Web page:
Ask about potential pitfalls, and what to avoid, for example. Without a reasonable technical grounding, providers will find these questions very difficult, as they only know what the marketing materials sent to them state. A good indication of the focus of the provider is the nature of the information they publish regarding the software they sell. Do they focus on the 'Revenue Growth' of the Software producer, for example (an obvious indication of sales focus), or the technical innovations of the product? Is the information directly copied from marketing materials provided by the Software Producer, or have they obviously analysed the technical impact to the customer of functional changes?
If the provider does not have a proven track record of support for a significant number of customers using the product, the stability and security of your solution may be put at risk.
When you need technical help, you will typically need it in a hurry. If they will merely pass your problems on to a third party, such as the software producer, you are not going to get timely resolution in general.
If the provider has a support system or newsgroup, have a good look at the contents (if it is not publicly available, ask for a demonstration). If the most recent items on the system are months or even years old, the chances are it is never actually used.
If the provider does not have sufficient technical resources for your on-going needs, your development may be put at risk.
Check on the resources that will be available when you are interested in getting technical assistance. At least half of the available resources should be very experienced in using the product (typically four or more years). A good balance of less experienced but capable resources indicates a constant influx of fresh talent and internal training, which is equally important.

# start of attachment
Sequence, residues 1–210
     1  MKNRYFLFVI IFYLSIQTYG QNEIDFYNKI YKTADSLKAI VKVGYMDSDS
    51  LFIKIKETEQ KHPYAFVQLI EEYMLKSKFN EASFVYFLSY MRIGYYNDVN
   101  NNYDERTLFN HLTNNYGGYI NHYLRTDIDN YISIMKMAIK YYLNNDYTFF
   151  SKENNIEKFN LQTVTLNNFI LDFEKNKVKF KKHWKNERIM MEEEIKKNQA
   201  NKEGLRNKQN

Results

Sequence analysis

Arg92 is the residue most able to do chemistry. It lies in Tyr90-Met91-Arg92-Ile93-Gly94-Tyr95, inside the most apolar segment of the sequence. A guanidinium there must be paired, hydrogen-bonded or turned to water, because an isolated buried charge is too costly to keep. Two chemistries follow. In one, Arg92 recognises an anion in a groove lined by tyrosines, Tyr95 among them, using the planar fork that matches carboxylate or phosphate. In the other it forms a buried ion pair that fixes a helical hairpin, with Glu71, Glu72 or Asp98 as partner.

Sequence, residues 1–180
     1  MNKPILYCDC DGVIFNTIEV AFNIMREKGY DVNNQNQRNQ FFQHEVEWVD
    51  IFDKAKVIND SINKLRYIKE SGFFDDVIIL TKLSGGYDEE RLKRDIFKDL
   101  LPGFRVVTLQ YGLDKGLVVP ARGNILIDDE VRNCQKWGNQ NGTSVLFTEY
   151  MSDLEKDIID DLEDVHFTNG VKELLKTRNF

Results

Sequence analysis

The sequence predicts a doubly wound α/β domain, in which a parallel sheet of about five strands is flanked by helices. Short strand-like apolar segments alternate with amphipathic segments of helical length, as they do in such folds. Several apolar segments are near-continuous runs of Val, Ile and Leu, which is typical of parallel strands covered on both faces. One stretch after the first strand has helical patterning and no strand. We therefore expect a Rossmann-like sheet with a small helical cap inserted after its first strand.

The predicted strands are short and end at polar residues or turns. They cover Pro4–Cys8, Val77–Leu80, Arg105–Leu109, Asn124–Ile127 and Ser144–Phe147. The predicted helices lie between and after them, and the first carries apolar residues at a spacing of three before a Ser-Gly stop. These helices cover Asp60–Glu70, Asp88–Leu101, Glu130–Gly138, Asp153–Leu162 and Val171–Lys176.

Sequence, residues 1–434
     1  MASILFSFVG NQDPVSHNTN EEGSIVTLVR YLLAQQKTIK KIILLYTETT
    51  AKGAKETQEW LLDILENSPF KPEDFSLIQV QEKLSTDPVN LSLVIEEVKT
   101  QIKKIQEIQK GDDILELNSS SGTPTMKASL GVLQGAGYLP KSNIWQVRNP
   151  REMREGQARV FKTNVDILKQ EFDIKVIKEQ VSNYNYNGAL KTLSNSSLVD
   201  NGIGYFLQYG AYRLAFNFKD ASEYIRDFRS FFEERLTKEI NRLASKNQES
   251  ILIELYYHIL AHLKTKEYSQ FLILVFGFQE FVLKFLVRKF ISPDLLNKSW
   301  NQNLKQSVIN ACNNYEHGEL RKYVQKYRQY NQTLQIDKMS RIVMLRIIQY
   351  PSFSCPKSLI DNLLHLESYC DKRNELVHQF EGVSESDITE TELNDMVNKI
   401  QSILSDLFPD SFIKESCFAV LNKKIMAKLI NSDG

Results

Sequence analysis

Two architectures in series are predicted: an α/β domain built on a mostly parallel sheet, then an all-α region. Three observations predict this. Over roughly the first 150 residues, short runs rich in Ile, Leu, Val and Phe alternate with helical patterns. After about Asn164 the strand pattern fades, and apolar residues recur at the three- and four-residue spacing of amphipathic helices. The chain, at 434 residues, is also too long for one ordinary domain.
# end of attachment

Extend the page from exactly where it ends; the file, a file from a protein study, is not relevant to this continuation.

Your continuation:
If training is a requirement, ask if the training will be provided by the provider itself, or by a third party. Some providers are all to happy to hire in trainers and merely charge extra on top, which does not give you longevity or value for money.
References given by the provider may not be related to the provider.
Ensure the provider can give you solid references. Request contact details to allow you to follow up these references. Find out how the provider offers these customers, and how highly the customer values the provider. Ask if you can see the systems developed in their working environment, for example. Ask about all aspects of performance, not necessarily just those you may be interested in. Times may change, and in any case, it is good to make sure the provider has fully encompassing resources and experience.
If the provider is unwilling or unable to provide contact details, see if you can get them yourself (for example from the Software Producer) and contact them yourself. You may find out that the customer was serviced by another provider altogether.
Development Experience: Ensure that the provider has significant and provable development experience in their own right.
Technical Ability: Choose a provider with a good technical grasp of the product, not just an overview or sales information.
Support Capabilities: Confirm the existence and actual usage of any promised support systems.
Resources: Check on the resources that will be available when you are interested in getting technical assistance.
References: Ensure that supplied references are actually related to the provider.